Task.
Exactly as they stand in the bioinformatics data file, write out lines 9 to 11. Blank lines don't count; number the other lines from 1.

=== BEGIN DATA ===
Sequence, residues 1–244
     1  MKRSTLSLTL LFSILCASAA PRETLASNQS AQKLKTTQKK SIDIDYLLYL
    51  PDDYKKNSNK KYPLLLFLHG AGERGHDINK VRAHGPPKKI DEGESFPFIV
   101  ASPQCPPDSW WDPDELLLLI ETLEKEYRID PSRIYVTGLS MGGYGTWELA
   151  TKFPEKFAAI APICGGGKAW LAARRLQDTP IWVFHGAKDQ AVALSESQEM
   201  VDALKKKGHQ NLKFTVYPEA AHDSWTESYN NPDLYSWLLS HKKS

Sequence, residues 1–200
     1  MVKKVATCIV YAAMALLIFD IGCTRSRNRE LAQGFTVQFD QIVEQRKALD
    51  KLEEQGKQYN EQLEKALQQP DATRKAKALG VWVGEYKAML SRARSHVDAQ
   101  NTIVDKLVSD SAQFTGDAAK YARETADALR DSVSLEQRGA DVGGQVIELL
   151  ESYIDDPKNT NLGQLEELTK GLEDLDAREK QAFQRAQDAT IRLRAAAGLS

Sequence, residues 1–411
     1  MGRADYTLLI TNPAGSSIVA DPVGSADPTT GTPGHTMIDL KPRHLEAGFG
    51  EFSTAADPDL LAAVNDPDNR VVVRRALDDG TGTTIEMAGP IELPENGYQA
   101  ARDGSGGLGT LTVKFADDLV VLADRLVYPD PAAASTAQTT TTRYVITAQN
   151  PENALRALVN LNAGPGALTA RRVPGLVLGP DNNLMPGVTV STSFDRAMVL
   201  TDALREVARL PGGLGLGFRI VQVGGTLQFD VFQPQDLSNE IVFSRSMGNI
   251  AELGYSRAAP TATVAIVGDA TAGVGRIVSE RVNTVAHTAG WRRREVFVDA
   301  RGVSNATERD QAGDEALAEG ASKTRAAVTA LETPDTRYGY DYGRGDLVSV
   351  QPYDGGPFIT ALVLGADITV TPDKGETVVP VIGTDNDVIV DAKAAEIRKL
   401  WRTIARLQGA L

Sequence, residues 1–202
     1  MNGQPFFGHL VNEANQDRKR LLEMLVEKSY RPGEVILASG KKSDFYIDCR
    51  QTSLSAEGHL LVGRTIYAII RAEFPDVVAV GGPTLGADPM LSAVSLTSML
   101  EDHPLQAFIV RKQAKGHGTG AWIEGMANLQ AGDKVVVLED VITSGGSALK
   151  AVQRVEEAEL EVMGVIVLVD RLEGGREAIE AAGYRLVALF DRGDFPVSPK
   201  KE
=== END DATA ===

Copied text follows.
    51  KLEEQGKQYN EQLEKALQQP DATRKAKALG VWVGEYKAML SRARSHVDAQ
   101  NTIVDKLVSD SAQFTGDAAK YARETADALR DSVSLEQRGA DVGGQVIELL
   151  ESYIDDPKNT NLGQLEELTK GLEDLDAREK QAFQRAQDAT IRLRAAAGLS